Researchers at Rice University and the Indian Institute of Science, Bangalore, have formulated a technique to make atomically flat gallium that exhibits promise for nanoscale electronics.
A model of the structure of gallenene is shown after exfoliation from bulk gallium. Scientists at Rice University and the Indian Institute of Science, Bangalore, discovered a method to make atomically flat gallium that shows promise for nanoscale electronics. (Image credit: Ajayan Research Group)
The Rice lab of materials scientist Pulickel Ajayan and colleagues in India developed two-dimensional (2D) gallenene, a thin film of conductive material that is to gallium what the wonder material graphene is to carbon.
Extracted into a 2D form, the new material seems to have an attraction towards binding with semiconductors like silicon and could make a useful metal contact in 2D electronic devices, the researchers explained.
The new material was described in Science Advances.
Gallium is a metal having a low melting point; in contrast to graphene and many other 2D structures, it cannot still be grown using vapor phase deposition approaches. Furthermore, gallium also has a propensity to oxidize rapidly. It was possible to remove the early samples of graphene from graphite using adhesive tape, but the bonds between gallium layers are too robust for such a simple technique.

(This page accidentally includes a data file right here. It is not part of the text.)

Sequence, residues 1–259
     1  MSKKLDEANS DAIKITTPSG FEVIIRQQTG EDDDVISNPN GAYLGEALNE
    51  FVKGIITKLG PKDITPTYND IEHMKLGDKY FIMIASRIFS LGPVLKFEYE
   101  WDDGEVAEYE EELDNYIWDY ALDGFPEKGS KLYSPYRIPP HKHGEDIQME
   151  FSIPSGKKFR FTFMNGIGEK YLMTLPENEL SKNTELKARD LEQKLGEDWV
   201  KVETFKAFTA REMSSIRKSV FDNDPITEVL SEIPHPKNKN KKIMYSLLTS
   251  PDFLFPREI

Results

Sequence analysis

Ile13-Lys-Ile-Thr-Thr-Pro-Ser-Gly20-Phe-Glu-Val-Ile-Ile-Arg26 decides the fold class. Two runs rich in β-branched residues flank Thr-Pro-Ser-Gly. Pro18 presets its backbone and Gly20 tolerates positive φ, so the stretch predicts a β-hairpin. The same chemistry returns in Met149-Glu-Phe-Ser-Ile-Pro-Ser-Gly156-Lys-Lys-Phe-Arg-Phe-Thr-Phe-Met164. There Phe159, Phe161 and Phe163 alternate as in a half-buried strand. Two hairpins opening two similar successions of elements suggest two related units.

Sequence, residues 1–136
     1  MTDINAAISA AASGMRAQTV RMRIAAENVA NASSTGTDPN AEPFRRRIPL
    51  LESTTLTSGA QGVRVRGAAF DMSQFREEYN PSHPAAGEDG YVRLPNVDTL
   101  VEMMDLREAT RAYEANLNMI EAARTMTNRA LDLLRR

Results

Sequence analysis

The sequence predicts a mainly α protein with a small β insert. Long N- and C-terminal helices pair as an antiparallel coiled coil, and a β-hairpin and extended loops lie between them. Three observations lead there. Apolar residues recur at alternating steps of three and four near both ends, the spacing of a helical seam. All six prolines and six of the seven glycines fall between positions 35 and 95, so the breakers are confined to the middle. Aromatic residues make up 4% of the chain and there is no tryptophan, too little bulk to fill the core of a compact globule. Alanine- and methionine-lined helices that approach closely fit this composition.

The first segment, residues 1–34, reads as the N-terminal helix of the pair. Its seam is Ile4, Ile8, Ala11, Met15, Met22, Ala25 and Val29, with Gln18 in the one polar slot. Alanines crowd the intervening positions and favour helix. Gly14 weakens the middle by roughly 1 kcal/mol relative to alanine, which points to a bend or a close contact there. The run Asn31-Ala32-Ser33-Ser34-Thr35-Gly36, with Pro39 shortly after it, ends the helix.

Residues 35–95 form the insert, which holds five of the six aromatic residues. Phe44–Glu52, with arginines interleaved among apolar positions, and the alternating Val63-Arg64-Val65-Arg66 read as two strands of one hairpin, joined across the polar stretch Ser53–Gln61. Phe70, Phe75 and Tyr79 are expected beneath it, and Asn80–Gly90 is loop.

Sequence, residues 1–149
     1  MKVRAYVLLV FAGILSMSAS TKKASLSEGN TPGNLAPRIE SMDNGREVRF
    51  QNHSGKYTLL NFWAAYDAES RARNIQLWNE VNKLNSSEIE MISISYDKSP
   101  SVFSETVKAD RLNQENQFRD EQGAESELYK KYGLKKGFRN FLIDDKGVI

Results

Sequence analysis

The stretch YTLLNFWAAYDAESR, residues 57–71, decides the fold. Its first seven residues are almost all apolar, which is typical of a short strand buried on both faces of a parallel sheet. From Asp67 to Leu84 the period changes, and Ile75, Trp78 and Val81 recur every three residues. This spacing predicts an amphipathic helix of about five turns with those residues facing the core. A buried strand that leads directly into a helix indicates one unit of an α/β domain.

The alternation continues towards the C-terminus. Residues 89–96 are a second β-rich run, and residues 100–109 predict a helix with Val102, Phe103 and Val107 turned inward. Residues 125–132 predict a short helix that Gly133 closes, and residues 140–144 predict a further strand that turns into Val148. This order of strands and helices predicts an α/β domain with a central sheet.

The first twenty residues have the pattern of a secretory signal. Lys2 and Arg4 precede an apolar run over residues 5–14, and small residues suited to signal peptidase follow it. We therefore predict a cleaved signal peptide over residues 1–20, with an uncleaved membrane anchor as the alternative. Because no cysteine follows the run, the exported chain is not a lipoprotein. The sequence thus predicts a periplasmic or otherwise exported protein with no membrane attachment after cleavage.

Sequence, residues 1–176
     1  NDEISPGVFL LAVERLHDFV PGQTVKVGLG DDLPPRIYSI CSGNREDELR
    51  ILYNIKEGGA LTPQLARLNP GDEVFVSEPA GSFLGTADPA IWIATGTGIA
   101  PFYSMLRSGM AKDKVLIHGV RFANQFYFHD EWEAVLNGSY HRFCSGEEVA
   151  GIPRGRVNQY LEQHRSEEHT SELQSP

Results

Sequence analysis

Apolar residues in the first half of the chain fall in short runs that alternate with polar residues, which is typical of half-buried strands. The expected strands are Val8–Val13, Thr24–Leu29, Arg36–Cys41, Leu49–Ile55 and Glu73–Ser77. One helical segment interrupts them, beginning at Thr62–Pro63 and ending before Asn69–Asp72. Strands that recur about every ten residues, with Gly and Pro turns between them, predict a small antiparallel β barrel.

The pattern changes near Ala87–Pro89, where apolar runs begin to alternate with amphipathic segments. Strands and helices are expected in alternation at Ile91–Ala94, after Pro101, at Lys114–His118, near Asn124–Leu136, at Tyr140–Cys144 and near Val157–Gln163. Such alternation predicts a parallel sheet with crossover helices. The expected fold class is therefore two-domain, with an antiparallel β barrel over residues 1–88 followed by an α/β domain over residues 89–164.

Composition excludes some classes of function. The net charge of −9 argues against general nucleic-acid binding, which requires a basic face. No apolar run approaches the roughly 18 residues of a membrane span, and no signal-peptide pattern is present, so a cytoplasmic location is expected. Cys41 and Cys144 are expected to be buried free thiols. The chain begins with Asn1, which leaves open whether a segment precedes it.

So the Rice researchers led by co-authors Vidya Kochat, a former postdoctoral researcher at Rice, and Atanu Samanta, a student at the Indian Institute of Science, used heat rather than force.
Instead of a bottom-up method, the team started from bulk gallium by heating it to 29.7 °C (about 85 °F), just below the melting point of the element and worked their way down. That was sufficient to drip gallium onto a glass slide. As a drop cooled a little bit, the researchers pressed a flat piece of silicon dioxide on top to lift a few flat layers of gallenene.
They effectively exfoliated gallenene onto other substrates, including gallium arsenide, gallium nitride, nickel, and silicone. That allowed them to verify that specific gallenene-substrate combinations have varied electronic properties and to propose that these properties can be tweaked for applications.
The current work utilizes the weak interfaces of solids and liquids to separate thin 2D sheets of gallium. The same method can be explored for other metals and compounds with low melting points.
Chandra Sekhar Tiwary - Chief Investigator & Assistant Professor at the Institute of Technology in Gandhinagar, India.
Gallenene’s plasmonic and other properties are being examined, according to Ajayan
. “Near 2-D metals are difficult to extract, since these are mostly high-strength, nonlayered structures, so gallenene is an exception that could bridge the need for metals in the 2D world,” he said.
The paper’s co-authors are as follows: graduate student Yuan Zhang and Associate Research Professor Robert Vajtai of Rice; Anthony Stender, a former Rice postdoctoral researcher and now an assistant professor at Ohio University; Sanjit Bhowmick, Praveena Manimunda and Syed Asif of Bruker Nano Surfaces, Minneapolis; and Rice alumnus Abhishek Singh of the Indian Institute of Science. Ajayan is chair of Rice’s Department of Materials Science and NanoEngineering, the Benjamin M. and Mary Greenwood Anderson Professor in Engineering and a professor of chemistry.
The Air Force Office of Scientific Research funded the study, with extra support from the Indo-US Science and Technology Forum, the government of India and a Rice Center for Quantum Materials/Smalley-Curl Postdoctoral Fellowship in Quantum Materials.